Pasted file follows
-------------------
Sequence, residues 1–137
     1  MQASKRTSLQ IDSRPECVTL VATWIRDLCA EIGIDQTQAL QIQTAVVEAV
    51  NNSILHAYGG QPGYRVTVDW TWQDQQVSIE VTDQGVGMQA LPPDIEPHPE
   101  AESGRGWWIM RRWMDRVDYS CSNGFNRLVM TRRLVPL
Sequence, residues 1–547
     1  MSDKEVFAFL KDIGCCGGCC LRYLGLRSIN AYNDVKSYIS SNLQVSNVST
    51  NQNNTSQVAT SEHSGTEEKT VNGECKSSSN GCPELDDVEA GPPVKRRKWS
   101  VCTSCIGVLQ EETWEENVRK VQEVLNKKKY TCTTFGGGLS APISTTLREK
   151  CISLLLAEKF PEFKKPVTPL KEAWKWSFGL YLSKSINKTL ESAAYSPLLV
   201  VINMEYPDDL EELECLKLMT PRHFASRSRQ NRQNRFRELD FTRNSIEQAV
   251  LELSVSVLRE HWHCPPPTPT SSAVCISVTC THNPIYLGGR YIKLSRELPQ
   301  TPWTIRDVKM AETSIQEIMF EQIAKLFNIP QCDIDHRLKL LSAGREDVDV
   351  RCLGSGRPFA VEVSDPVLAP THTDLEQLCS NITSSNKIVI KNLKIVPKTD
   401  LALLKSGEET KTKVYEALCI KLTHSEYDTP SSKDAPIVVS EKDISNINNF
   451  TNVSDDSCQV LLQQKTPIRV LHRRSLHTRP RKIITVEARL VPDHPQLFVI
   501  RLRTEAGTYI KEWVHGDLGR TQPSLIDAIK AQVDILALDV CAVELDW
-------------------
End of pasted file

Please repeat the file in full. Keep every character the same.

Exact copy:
Sequence, residues 1–137
     1  MQASKRTSLQ IDSRPECVTL VATWIRDLCA EIGIDQTQAL QIQTAVVEAV
    51  NNSILHAYGG QPGYRVTVDW TWQDQQVSIE VTDQGVGMQA LPPDIEPHPE
   101  AESGRGWWIM RRWMDRVDYS CSNGFNRLVM TRRLVPL
Sequence, residues 1–547
     1  MSDKEVFAFL KDIGCCGGCC LRYLGLRSIN AYNDVKSYIS SNLQVSNVST
    51  NQNNTSQVAT SEHSGTEEKT VNGECKSSSN GCPELDDVEA GPPVKRRKWS
   101  VCTSCIGVLQ EETWEENVRK VQEVLNKKKY TCTTFGGGLS APISTTLREK
   151  CISLLLAEKF PEFKKPVTPL KEAWKWSFGL YLSKSINKTL ESAAYSPLLV
   201  VINMEYPDDL EELECLKLMT PRHFASRSRQ NRQNRFRELD FTRNSIEQAV
   251  LELSVSVLRE HWHCPPPTPT SSAVCISVTC THNPIYLGGR YIKLSRELPQ
   301  TPWTIRDVKM AETSIQEIMF EQIAKLFNIP QCDIDHRLKL LSAGREDVDV
   351  RCLGSGRPFA VEVSDPVLAP THTDLEQLCS NITSSNKIVI KNLKIVPKTD
   401  LALLKSGEET KTKVYEALCI KLTHSEYDTP SSKDAPIVVS EKDISNINNF
   451  TNVSDDSCQV LLQQKTPIRV LHRRSLHTRP RKIITVEARL VPDHPQLFVI
   501  RLRTEAGTYI KEWVHGDLGR TQPSLIDAIK AQVDILALDV CAVELDW